Firstly, how to solve the divergences? Although the USFK's southward relocation is basically complete, some potential conflicts haven't been resolved substantially.
The first issue is the expense. The fourth round of negotiation between the US and the ROK on June 27 which aimed at signing the 10th Special Measures Agreement (SMA) broke down, indicating the military expense between the two cannot be resolved for the moment.
The Pyeongtaek base cost about 12 trillion Korean Won (about RMB72 billion), and it is said that the ROK government paid for over 90% of it. Will this cause the dissatisfaction of the ROK government and its people? Will the ROK take this as a bargaining chip for the next negotiation? There are many uncertainties remain.
The second issue is environment. Social groups like Green Korea United protested that the environment surrounding the Yongsan base has been seriously polluted, the concentration of Group 1 benzene cancerogen is above the limit, and 84 oil leak incidents took place from 1990 to 2015.
The ROK media predicted that the follow-up cleaning up of the Yongsan base will probably trigger more disputes, and people will likely be concerned about whether the environment around the Pyeongtaek base will be polluted too.
Secondly, how will the USFK change in size? According to American media, President Trump once ordered the Pentagon to study the options of withdrawing American troops from the ROK. Someone analyzed that as the USFK Command moved to the new headquarters, it seems the US won't pull its troops out of the ROK for the foreseeable future. President Trump has repeatedly vowed to cut US troops in the ROK and suspend US-ROK joint military exercises, which might be his way of pressuring the ROK to bear more military expenses.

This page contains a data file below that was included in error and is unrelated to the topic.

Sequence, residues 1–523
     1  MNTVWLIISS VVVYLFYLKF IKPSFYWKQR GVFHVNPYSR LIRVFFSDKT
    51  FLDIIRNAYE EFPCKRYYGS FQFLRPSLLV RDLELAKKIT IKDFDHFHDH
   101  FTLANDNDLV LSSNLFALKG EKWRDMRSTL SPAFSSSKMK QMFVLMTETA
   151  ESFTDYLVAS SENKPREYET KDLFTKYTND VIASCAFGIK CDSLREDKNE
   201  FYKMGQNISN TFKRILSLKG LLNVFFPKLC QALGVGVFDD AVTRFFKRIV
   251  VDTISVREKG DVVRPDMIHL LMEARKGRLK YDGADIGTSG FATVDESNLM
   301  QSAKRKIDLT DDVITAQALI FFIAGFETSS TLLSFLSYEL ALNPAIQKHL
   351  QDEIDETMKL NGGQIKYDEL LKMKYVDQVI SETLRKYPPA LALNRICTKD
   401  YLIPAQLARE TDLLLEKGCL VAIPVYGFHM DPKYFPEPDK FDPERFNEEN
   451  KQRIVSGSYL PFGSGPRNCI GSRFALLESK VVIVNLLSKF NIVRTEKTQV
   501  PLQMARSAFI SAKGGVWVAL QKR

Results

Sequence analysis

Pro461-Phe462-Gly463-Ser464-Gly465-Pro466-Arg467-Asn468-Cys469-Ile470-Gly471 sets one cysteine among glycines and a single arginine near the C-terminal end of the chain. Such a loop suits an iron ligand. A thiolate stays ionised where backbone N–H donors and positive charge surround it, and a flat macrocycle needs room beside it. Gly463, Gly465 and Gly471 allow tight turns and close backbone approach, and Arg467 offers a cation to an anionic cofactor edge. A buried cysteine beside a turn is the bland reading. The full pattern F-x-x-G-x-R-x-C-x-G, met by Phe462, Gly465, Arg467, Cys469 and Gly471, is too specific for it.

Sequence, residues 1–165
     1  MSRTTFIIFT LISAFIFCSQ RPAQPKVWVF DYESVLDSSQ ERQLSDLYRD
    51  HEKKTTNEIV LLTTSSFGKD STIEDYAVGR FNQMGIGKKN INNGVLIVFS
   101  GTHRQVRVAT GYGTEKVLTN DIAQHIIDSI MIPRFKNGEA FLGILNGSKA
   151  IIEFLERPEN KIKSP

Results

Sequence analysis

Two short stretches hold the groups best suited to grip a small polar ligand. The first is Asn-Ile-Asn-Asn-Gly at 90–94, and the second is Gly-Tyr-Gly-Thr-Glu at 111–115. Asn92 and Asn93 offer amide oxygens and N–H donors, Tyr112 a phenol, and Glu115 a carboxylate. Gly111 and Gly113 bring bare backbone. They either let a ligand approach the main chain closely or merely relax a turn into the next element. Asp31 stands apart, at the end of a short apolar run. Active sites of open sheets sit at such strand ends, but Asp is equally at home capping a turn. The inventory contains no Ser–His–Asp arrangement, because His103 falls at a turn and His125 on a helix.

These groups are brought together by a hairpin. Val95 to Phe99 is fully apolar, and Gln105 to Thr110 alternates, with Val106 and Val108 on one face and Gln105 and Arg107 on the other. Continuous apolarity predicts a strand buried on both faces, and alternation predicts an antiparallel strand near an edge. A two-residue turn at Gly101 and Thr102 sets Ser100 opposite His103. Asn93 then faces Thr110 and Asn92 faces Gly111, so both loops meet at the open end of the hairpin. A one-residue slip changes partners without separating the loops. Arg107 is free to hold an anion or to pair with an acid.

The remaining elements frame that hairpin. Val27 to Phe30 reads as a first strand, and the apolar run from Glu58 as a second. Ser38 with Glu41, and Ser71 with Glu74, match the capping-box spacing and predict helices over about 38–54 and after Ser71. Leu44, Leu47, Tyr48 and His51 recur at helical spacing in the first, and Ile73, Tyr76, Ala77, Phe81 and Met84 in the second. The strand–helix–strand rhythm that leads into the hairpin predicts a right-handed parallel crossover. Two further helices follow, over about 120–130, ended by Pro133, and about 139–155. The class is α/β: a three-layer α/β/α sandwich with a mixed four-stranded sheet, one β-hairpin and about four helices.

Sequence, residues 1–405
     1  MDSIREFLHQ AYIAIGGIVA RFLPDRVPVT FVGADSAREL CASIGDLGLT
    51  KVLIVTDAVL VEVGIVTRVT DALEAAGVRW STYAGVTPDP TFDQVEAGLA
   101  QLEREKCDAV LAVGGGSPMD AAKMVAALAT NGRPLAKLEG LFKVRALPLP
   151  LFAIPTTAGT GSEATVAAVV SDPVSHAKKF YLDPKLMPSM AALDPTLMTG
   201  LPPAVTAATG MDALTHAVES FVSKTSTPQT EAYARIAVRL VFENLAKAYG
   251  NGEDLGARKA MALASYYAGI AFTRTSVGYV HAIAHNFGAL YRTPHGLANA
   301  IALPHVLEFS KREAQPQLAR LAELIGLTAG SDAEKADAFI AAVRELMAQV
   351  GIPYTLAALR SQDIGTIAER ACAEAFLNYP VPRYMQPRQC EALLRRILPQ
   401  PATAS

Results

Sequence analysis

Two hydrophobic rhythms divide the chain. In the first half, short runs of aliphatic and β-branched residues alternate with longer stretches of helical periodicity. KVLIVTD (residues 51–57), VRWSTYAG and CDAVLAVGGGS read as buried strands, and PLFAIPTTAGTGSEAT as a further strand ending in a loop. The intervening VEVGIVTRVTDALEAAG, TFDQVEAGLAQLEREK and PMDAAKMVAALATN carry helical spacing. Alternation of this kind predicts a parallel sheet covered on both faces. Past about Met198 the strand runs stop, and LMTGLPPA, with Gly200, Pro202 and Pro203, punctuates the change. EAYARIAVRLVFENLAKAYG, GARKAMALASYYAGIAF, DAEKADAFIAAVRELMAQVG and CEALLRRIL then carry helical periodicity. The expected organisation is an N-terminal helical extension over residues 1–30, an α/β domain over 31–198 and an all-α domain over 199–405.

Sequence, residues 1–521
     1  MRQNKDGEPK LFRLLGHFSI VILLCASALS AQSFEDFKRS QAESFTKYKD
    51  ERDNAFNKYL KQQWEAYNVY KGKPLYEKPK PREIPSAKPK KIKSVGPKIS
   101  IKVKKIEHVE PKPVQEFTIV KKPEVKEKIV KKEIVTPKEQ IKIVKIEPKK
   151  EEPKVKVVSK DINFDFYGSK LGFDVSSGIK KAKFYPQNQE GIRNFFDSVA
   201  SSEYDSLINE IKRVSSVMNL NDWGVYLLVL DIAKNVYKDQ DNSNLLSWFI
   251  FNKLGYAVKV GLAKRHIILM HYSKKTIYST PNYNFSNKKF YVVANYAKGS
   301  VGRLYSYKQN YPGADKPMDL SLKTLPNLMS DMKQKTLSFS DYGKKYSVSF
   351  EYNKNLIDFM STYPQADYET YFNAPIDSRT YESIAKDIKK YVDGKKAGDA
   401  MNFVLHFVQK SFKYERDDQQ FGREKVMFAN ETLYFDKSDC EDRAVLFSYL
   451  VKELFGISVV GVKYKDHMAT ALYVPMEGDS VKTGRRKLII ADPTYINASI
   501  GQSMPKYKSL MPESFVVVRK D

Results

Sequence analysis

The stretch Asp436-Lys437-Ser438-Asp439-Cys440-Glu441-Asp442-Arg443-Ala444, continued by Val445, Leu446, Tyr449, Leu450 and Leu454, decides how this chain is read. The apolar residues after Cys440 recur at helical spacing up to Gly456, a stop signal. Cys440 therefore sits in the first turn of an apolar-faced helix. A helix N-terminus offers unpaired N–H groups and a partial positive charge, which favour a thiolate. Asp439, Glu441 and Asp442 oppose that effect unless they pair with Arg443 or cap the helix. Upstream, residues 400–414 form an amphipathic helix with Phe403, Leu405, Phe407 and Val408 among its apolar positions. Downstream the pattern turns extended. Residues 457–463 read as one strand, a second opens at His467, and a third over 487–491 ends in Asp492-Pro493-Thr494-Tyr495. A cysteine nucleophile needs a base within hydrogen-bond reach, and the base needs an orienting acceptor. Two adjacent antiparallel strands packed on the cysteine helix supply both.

As to the number of the USFK, Reuters revealed that US Secretary of Defense Mattis made a promise to the ROK that the current size of the USFK won't change, even though diplomats are trying to reach an agreement with the DPRK on denuclearization.
In other words, the scale and composition of the USFK may be adjusted according to the progress on the Korean nuclear negotiation, but its presence won't be affected before the negotiation comes to the last stage.
Thirdly, how will the alliance develop? Moon Jae-in's special advisor Moon Chung-in once said that the ROK should give up its alliance with the US for its own interests. America's monthly magazine The Atlantic also said if negotiations on the Korean nuclear issue succeeded, the geopolitics on the Korean peninsula would be changed significantly, and maybe it's time to re-evaluate the US-ROK alliance.
However, in his congratulatory remarks to the USFK Command's relocation, Moon Jae-in said as the USFK comes to the "Pyeongtaek era", he hopes the US-ROK alliance will go beyond the old military and comprehensive alliance and evolve to be a "great alliance".
We cannot conclude how the US-ROK alliance will develop based on any single party's comments. This will be up to many factors -- will the DPRK insist on the withdrawal of US troops from the ROK, will the ROK be able to maintain its independence, and does the US take the Korean peninsula as its only target?
All in all, the US and the ROK are simply "moving to the new home" now but they don't wish to "dismantle the old home" yet.
(The author is Li Gaozhe. The article was published on the China's National Defense newspaper on July 6. It is translated from Chinese into English and edited by the China Military online.)